For the last few years, I have been teaching a class on "system integration", which is basically a way to say, "put all of the these parts together and see if they work". As I have stated many times on this blog, I feel like students should have some hands-on practical experience. So, in my grad-level class, I don't teach them anything, I make them do something. And that something is launching a balloon up to 100,000 feet. But, they have to recover the payload and follow FAA regulations. The first part is relatively easy, but the second part makes things a bit more complicated. This is because, to track the balloon, all you need is a GPS and a radio. Stick that on the balloon and you are basically done. BUT, FAA regulations say that you have to be able to kill your balloon at a moments notice. Which means that you have to communicate WITH your balloon. Hence, you have to have a little computer on-board and enable a cut-down switch and all sorts of other crap, which is quite complicated. It is basically like launching a little satellite.
It is that time of year when the students are just about done with their balloon builds and are getting ready to launch. I have some great stories about balloon launches, which I will leave to another time, but I will include a picture from one of the balloons (from last year), and a story of tether testing...
This is a picture from pretty close to 100,000 feet. The balloon that took this picture landed in Lake Erie, which is was not supposed to do. Obviously. It was a pretty screwed up day. But, that is a story for another day. Let up proceed with yesterday's cluster f*ck.
First thing that you have to realize is that a weather balloon is BIG. Here is a picture of yours truly holding a balloon on a very, very calm day.
They are about 8 feet in diameter. On a calm day, this is no big deal to handle, but on a windy day, the horizontal drag force on the balloon is enormous. This means that it wants to go with the wind. Not stay in your hand. Go. Sideways.
The general idea of a tether test is to raise the balloon up a few hundred feet, and then verify that the communication system is working perfectly. You also test your balloon filling procedures and stuff like that. The big problem with tether tests is that they NEVER WORK! The wind ALWAYS causes a problem. The issue is that the balloon is lifting the payload in the air (but just barely, since the payload is heavy), but the wind (even a light wind), exerts enough force to blow the balloon back to the ground (picture an upside down pendulum).
Well, I had experienced this effect two times in the past, with disastrous consequences both times, so I was not feeling too positive about the tether test that the students wanted to perform yesterday. But, being adventurous, I agreed.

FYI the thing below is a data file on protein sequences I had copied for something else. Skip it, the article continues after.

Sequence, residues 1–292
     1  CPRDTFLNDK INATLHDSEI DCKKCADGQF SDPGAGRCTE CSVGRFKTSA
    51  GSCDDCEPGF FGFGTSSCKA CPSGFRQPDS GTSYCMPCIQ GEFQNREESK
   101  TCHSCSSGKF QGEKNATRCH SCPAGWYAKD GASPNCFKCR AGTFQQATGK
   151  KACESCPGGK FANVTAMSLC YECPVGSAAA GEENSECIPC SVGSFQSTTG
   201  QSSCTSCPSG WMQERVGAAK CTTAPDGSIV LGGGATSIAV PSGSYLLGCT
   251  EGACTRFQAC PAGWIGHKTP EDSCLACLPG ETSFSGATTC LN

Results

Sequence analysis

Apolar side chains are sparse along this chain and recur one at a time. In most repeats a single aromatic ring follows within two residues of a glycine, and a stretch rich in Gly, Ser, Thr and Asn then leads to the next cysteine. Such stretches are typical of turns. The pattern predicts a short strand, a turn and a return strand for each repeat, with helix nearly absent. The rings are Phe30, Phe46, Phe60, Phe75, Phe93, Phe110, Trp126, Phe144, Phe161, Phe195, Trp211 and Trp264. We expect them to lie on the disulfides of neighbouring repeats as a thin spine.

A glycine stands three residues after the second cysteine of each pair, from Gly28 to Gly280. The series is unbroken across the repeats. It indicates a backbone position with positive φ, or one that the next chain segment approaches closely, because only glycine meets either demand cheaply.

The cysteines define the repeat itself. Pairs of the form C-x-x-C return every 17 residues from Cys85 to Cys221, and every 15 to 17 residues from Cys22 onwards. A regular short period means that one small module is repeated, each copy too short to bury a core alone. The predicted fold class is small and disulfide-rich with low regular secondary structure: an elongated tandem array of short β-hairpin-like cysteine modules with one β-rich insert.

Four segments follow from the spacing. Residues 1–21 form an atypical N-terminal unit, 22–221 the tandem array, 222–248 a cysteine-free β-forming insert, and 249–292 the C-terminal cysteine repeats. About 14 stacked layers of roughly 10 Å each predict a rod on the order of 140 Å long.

So, we get out on the field, and the wind is blowing at something like 10+ MPH constantly. It is quite difficult to actually control the balloon while filling it if the wind is blowing, so typically, you use a sheet over the balloon. The sheet has to be quite large, since the balloon is quite large. Like, really large. Typically, I encourage a big sheet with rope tied on to each corner. Well, they didn't have anything like that. So, we dealt with it. Then other things went wrong. And more things.
The predictable thing happened - the balloon didn't rise off the ground because the package was too heavy and the wind was blowing too strong. So, we packed it in and called it a night. Then, as we were reeling the balloon in (package in hand!) the cords snapped and the balloon took off. The perfect ending.
Or, a great start to balloon season!
Ok, now rockets.
For two semesters now, I have taught a rocket science class, in which we take a class period and actually launch rockets. In order to up the ante a little bit, I give extra credit to students who bring a rocket. Last semester, I got about 20 or so students. This semester over a hundred students brought rockets. It was absolutely insane. We set up three launchers, with Crab Girl helping out the students to launch their rockets.
We had many rockets in which the parachutes did not open, so they drilled into the ground. It was quite humorous. A really funny part was when one of the students did a very loud count down, and then nothing happened. Typical NASA.... Then another student, who had obviously built the rocket himself, launched it up in the air about 30 feet, where it jogged a bit to the left, circled around for about 5 seconds, then exploded. Very exciting stuff!
My Dad came to the launch. The kids, the neighbor and the kids and a co-worker and his son. As I was doing this, I thought, "Wow, I get paid to do this!"
In one of my last posts I said that I hate every aspect of my job. I don't. I hate all aspects, but these. I love these aspects. On days like Thursday and Friday, I am very happy to actually work where I work, doing what I do.
1 year ago